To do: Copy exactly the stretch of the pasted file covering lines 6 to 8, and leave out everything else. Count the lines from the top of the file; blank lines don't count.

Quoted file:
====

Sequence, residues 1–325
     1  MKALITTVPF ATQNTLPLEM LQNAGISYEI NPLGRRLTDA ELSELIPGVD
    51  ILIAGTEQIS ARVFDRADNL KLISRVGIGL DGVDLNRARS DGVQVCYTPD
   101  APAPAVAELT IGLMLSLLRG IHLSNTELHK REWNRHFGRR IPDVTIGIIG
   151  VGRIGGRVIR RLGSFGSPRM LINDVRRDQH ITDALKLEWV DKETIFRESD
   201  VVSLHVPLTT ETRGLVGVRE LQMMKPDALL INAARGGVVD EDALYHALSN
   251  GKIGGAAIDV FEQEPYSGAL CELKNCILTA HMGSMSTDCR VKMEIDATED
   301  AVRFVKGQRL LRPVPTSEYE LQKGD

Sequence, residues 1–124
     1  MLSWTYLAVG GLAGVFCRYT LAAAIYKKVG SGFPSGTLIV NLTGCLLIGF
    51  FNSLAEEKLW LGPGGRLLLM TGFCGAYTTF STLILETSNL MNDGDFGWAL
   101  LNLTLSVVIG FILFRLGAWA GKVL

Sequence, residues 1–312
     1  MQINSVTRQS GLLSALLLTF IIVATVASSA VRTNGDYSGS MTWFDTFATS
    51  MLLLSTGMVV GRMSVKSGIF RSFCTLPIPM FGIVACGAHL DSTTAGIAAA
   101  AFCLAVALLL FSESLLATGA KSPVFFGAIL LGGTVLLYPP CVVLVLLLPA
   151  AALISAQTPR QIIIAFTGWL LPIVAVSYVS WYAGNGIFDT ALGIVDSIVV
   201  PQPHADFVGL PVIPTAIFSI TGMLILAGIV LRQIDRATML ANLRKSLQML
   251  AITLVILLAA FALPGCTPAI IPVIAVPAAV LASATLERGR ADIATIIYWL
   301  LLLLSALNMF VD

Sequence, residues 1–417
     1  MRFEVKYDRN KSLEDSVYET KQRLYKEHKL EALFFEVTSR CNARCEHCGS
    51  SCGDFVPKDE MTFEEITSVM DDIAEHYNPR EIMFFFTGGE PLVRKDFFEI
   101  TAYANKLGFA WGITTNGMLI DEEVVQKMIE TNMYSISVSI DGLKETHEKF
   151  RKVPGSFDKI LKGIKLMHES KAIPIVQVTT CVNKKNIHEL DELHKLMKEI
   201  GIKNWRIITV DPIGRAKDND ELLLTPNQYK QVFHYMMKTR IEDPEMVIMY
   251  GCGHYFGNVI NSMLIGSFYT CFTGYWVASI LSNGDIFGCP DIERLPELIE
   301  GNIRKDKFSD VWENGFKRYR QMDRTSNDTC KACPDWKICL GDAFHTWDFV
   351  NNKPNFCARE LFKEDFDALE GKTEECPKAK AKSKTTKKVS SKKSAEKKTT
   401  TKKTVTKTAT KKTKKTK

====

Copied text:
   201  VVSLHVPLTT ETRGLVGVRE LQMMKPDALL INAARGGVVD EDALYHALSN
   251  GKIGGAAIDV FEQEPYSGAL CELKNCILTA HMGSMSTDCR VKMEIDATED
   301  AVRFVKGQRL LRPVPTSEYE LQKGD